In the United States justice system, there are two main categories of crimes. First, there are state crimes. These are crimes that break the laws of a state and are handled by that state’s supreme court, local courts and municipal courts.
The second category are federal crimes. These offenses are those which violate the laws set in place by U.S. courts. Federal crimes constitute the gravest offenses that a U.S. citizen can commit.
Types of Federal Crimes
Most federal crimes are those which exploit a federal system, such as Medicare or the FDIC, or which are considered serious enough to warrant federal prosecution. Some examples of offenses that may be prosecuted by the federal government include:
- Mail Fraud. The United States Postal Service is regulated and overseen by the federal government and any criminal scheme that involves the mail service can be prosecuted as a federal offense.
- Bank-Related Crimes. Banks are regulated and insured by the federal government in the form of the FDIC. Crimes such as robberies, bank fraud or wire fraud violate the regulations of this federal agency and can be considered federal crimes.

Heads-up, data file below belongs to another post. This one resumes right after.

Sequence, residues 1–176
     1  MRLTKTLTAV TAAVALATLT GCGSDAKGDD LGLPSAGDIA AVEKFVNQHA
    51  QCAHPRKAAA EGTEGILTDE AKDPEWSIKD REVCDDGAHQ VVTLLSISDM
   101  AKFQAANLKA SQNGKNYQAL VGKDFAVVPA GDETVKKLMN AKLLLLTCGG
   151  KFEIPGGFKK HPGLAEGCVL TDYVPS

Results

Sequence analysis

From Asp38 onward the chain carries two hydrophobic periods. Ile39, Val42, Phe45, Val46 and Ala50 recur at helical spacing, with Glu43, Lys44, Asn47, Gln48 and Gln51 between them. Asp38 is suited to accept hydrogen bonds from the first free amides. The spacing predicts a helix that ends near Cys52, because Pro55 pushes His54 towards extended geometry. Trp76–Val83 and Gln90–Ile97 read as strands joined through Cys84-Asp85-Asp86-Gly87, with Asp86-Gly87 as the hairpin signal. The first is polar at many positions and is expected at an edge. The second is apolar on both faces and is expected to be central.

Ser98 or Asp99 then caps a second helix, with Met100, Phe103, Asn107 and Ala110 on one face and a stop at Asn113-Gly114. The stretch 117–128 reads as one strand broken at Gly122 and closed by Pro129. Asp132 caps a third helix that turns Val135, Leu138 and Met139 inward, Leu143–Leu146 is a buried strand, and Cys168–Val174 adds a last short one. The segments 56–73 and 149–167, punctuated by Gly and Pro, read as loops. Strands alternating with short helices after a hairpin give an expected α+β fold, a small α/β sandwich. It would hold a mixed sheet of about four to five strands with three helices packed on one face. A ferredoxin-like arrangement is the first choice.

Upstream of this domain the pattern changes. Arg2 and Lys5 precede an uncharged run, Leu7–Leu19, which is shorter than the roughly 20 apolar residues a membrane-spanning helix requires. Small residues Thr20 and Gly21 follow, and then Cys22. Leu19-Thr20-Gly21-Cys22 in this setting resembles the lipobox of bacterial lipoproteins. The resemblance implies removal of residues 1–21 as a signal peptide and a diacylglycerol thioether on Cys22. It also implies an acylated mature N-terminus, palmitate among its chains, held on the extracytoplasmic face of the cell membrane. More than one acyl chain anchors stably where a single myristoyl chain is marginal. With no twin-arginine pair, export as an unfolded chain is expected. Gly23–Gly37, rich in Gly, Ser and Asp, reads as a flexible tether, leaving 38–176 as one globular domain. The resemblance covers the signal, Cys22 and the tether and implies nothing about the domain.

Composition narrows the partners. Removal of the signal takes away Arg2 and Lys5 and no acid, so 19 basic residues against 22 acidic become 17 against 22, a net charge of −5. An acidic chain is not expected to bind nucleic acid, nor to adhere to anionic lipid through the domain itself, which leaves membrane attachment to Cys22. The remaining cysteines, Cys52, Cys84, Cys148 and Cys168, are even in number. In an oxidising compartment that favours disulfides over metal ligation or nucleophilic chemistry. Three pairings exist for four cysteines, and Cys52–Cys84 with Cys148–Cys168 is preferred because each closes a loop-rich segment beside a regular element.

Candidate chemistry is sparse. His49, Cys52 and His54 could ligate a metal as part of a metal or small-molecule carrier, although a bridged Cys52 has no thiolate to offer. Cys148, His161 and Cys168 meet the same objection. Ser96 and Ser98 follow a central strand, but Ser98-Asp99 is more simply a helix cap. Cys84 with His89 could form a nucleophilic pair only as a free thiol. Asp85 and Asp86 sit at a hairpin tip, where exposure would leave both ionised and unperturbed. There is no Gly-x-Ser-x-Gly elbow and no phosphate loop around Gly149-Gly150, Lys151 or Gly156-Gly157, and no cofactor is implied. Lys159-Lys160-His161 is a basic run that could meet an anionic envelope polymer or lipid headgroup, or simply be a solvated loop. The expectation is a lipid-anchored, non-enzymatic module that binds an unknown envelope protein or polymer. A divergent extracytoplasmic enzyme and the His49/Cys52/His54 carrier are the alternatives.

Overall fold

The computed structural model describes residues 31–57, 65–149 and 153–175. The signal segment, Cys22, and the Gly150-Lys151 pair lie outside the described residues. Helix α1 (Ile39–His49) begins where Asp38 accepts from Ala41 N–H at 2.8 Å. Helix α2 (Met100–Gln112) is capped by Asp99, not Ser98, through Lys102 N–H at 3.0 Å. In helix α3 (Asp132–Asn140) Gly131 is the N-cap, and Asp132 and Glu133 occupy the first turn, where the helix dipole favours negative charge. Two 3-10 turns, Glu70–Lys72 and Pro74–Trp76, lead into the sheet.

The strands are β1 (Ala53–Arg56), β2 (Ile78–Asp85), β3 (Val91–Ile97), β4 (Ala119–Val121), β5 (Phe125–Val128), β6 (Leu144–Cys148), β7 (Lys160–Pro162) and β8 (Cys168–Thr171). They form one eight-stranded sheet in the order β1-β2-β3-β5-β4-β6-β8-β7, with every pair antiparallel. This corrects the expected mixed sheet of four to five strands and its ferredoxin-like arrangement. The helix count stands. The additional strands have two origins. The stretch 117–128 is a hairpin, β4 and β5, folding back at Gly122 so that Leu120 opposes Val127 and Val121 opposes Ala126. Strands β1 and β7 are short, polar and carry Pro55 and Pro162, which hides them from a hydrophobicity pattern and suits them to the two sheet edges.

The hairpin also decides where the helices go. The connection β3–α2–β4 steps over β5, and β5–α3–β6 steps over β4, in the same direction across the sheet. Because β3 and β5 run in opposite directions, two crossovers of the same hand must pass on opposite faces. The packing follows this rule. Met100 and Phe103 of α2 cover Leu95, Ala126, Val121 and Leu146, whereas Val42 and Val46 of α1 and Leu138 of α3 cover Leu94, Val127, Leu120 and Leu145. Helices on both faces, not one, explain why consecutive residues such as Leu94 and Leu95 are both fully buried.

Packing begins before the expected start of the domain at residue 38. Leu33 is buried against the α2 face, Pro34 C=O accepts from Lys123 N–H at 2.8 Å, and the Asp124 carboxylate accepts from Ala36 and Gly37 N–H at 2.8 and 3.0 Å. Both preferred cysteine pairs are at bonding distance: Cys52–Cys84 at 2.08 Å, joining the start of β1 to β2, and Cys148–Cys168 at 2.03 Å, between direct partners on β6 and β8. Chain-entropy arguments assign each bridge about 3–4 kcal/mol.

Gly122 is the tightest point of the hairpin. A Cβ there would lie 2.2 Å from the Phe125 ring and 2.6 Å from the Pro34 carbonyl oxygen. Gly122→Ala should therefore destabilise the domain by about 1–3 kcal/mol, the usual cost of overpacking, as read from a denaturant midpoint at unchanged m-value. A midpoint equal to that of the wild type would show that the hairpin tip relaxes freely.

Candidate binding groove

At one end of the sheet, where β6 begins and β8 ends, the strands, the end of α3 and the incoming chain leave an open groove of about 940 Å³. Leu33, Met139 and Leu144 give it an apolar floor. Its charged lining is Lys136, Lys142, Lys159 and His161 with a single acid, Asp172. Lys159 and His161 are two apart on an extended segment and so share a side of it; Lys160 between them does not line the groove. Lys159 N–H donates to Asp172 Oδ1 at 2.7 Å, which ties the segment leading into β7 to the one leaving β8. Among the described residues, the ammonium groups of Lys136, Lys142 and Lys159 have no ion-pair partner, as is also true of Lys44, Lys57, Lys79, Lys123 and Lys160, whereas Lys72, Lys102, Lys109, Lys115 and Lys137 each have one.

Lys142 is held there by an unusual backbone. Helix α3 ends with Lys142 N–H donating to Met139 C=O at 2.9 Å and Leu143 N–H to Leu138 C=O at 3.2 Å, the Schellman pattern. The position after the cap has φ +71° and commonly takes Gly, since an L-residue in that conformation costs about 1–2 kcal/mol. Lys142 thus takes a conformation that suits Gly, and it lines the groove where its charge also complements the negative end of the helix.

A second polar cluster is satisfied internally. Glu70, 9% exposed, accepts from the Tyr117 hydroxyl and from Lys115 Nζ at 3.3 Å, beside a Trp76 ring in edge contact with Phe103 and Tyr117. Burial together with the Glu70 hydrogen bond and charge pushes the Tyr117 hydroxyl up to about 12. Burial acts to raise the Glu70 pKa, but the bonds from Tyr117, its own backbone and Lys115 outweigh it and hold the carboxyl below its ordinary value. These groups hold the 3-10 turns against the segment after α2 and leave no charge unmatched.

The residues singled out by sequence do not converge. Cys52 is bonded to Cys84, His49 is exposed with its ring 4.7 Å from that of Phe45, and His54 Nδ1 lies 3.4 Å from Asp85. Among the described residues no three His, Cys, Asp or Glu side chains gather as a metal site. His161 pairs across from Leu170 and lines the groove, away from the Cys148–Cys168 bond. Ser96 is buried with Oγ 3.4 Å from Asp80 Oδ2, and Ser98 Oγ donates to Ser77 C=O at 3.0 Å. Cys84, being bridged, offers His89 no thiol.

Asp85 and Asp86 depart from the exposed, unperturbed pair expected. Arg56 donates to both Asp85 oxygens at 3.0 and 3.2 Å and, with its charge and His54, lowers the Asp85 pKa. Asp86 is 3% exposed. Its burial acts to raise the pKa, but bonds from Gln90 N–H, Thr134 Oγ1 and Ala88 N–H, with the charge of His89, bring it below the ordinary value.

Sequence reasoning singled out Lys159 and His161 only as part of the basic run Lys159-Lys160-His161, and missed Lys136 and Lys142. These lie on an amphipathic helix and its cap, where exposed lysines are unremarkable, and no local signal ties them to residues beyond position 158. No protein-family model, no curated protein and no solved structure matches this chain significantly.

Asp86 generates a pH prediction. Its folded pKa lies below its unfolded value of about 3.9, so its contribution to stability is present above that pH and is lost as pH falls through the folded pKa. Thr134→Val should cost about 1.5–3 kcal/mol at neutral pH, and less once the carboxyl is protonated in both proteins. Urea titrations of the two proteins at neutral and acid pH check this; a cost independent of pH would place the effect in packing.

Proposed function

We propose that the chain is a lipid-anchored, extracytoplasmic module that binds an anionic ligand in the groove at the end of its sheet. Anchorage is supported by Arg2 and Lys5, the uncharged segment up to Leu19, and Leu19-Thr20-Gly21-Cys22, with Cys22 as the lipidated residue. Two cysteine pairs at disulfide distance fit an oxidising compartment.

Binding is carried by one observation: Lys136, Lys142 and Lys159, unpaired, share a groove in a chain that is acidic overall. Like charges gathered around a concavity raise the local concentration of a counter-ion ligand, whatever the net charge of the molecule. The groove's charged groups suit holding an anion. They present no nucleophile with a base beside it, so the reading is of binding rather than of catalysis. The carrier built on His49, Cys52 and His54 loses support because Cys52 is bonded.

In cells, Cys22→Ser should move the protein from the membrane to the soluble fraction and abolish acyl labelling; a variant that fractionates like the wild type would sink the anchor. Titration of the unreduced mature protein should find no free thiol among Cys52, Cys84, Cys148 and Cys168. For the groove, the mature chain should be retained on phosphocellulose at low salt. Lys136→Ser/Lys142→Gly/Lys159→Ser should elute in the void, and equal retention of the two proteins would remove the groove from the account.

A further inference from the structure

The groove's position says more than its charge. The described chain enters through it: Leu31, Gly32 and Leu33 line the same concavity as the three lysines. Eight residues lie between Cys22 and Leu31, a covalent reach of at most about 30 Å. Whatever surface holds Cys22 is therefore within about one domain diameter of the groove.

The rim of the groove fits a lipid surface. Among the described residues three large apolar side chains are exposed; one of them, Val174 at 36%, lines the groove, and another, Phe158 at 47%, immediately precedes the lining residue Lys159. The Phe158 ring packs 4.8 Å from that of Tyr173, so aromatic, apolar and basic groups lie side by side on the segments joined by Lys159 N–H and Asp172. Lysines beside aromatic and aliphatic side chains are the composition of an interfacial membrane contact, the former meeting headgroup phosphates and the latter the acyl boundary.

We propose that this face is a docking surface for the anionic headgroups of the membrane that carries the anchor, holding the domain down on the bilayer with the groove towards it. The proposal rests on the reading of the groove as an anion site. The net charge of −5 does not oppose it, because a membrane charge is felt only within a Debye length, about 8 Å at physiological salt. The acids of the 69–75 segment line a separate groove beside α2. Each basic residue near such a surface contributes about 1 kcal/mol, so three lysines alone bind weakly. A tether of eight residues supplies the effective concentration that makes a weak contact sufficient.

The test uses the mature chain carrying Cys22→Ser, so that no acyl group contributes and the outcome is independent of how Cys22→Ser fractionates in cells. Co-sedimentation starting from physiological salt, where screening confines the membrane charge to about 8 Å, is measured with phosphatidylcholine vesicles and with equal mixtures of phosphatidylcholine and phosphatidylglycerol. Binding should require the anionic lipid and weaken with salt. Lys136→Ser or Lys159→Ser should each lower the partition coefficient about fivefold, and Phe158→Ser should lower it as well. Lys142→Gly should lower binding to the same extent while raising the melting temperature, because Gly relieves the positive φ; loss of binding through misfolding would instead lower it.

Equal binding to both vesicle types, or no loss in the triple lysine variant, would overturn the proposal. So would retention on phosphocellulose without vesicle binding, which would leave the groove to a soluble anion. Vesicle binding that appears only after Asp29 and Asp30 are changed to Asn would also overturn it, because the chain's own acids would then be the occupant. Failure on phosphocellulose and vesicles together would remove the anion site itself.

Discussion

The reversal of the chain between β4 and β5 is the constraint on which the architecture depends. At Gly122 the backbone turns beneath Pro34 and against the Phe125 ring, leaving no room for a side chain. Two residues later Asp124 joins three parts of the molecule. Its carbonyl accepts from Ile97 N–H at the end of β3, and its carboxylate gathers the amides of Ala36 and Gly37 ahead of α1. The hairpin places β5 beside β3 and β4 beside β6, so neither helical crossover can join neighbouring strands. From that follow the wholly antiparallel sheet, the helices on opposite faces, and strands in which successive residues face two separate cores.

- Other Crimes. Crimes that span several different states or different countries can be prosecuted by the federal government because the government oversees interstate and international commerce. This may include interstate or international drug trafficking crimes.
Punishments for Federal Crimes
Because federal offenses are usually more serious than state or local crimes, the federal government frequently hands down very tough sentences for such crimes. Drug trafficking charges can bring decades in federal prison. Crimes like mail fraud or bank robberies are also severely punished and usually have steep fines as an additional penalty.
Not all attorneys will handle federal cases. Many lawyers that take on these cases have experience as federal prosecutors or U.S. attorneys because special knowledge and experience is necessary to understand the complexities of federal law. Finding a defense attorney with the required experience is vital for defendants accused of federal crimes.